"Ultimately, our customer service should rival the best that other sectors offer. When patients like the way they were treated and receive a good result for their investment, then they are likely to speak positively about their physician. Hopefully all of us try to improve each day we are in practice," Dr. Chatham says.
The surgeon should never skimp on the medical history if he or she wants to clearly convey that the whole person — and not the body part slated for surgery — is of utmost importance, Dr. Foglietti says.
"A thorough medical history and review of medications is paramount. Medical clearance from subspecialists — i.e., cardiology, rheumatology, psychiatry, etc. — should be initiated by your office and discussed with the patient at the initial and subsequent office visits. By the time the patient's surgery date and anesthesia evaluation arrive, consults and clearances should have been reviewed," Dr. Foglietti says "This tells a patient that their health is more important than a cosmetic outcome. Don't hesitate to delay or even cancel a surgery if health concerns arise."
SOCIAL NETWORKING Some physicians are employing social networking sites such as Facebook as a way to help patients and prospective patients feel connected to them. This may seem like a way to provide added value to patients without necessarily spending additional time with the patients, but experts say that care must be taken to ensure medical advice is not dispensed in this type of forum, and that patients who are less than satisfied with an outcome do not use the site to denigrate the surgeon's professional reputation.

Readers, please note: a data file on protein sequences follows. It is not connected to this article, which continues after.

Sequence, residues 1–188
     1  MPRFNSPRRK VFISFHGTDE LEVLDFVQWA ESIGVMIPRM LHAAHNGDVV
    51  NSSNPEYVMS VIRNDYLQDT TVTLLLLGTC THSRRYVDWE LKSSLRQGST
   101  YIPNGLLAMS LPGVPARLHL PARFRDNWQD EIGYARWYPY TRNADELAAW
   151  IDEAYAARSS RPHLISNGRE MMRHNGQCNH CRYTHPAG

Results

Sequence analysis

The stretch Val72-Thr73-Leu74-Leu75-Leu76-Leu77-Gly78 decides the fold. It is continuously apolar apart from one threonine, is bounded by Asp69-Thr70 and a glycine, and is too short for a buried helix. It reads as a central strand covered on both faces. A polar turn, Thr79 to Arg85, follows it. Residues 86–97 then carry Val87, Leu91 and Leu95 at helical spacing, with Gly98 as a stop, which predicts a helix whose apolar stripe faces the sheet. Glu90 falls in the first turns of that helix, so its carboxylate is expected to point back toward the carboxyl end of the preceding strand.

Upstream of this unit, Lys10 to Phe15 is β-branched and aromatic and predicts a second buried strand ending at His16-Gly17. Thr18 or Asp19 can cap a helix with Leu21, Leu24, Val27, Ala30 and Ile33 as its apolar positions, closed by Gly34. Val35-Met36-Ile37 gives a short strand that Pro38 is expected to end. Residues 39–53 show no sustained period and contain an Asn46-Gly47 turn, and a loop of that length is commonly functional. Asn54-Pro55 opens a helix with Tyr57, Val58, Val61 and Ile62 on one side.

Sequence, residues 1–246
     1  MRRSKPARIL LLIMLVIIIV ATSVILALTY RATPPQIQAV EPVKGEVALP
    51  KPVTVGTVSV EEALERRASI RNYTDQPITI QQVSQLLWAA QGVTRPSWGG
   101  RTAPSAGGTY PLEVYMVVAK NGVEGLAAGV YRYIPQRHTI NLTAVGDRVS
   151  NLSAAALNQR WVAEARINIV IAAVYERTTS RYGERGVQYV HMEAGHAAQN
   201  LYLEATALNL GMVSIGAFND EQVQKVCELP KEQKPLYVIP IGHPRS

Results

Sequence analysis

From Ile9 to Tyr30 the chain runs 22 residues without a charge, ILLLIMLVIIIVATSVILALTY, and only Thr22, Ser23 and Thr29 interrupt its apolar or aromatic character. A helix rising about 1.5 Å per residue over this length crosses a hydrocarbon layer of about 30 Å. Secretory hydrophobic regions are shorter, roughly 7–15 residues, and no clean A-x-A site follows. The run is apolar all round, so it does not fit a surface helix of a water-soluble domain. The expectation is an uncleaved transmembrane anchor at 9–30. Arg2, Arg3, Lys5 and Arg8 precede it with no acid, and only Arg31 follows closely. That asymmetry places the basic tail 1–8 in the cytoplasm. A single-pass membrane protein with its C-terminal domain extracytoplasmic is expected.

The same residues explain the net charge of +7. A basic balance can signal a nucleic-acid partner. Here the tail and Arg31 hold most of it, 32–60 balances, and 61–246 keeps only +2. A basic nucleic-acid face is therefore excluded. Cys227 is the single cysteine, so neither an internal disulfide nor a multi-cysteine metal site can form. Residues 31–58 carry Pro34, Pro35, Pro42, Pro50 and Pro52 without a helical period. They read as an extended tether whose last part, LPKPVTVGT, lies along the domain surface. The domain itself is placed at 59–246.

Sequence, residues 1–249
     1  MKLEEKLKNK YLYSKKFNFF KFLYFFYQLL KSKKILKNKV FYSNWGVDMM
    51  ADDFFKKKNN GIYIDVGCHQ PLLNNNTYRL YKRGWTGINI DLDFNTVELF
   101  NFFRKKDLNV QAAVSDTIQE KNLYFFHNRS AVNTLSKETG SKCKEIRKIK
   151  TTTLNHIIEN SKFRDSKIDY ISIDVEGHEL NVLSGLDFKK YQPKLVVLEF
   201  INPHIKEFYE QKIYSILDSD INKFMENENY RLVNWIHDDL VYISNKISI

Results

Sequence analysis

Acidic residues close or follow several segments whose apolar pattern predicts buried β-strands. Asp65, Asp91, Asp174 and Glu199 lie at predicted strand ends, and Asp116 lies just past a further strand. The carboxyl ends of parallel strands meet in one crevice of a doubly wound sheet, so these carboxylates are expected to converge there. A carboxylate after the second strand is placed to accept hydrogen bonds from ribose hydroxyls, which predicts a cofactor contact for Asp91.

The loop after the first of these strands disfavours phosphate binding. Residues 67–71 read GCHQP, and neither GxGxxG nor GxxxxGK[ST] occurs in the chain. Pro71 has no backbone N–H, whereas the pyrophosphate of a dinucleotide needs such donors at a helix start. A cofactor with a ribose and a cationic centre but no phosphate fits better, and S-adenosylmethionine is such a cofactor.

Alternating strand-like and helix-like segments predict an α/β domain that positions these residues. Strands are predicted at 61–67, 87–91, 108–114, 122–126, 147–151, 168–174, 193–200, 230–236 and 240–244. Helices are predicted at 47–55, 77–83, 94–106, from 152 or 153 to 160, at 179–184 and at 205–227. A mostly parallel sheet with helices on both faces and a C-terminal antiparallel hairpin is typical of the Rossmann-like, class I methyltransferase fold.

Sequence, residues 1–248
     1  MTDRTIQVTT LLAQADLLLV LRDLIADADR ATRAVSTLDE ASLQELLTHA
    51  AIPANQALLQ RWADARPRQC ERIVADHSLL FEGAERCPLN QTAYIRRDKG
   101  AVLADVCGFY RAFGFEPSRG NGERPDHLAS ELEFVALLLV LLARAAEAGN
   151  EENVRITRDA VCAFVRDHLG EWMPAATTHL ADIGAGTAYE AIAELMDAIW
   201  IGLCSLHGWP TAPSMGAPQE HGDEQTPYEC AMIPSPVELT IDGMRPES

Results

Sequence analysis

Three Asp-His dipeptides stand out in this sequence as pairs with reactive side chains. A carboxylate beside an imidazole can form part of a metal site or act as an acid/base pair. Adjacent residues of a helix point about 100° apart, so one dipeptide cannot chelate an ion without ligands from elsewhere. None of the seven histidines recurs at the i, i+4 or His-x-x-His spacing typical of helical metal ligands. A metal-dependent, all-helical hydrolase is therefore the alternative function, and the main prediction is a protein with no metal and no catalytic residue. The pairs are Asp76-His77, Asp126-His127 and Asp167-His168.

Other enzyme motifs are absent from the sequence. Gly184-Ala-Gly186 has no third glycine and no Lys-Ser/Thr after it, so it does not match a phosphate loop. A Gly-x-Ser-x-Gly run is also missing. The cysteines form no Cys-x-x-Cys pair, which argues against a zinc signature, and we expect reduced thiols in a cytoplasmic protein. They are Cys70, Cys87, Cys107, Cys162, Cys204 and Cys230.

"You cannot have a 24-hour open consultation available," Dr. Foglietti says. "Round-the-clock availability for emergencies is one thing, but giving patients total access at all times can create and contribute to obsessive behavior. Social media is not private enough to conduct medical care and treatment. Evaluating a patient in a structured environment in the office setting maintains a formality that is needed for appropriate and professional interaction."
Dr. Chatham suggests that while comments on Facebook or tweets on Twitter can offer additional means of "support" in matters that are neither time-sensitive nor procedure-specific, the most important social interaction between a physician and patient is still that which occurs face-to-face in the office or the surgical suite.
It's also important for the physician to get to know his or her patients as well as possible, Dr. Chatham says. "The level of care — and the patient's experience — will be enhanced immeasurably by this," he says.
POSTOP IMPORTANCE Value-added care is not all about the interaction that goes into attracting patients and making them feel comfortable and valued leading up to surgery. Postop management is also crucial. "The post-procedure patient will need ongoing positive support by the physician for some time afterwards, and even more support if there is a problem or perceived problem," Dr. Chatham says. "In today's world of digital answering machines and hurried appointments, the sound of your doctor's voice calling to check on you after a procedure is very reassuring, and, ultimately," he says, "isn't this what patients come to us for?"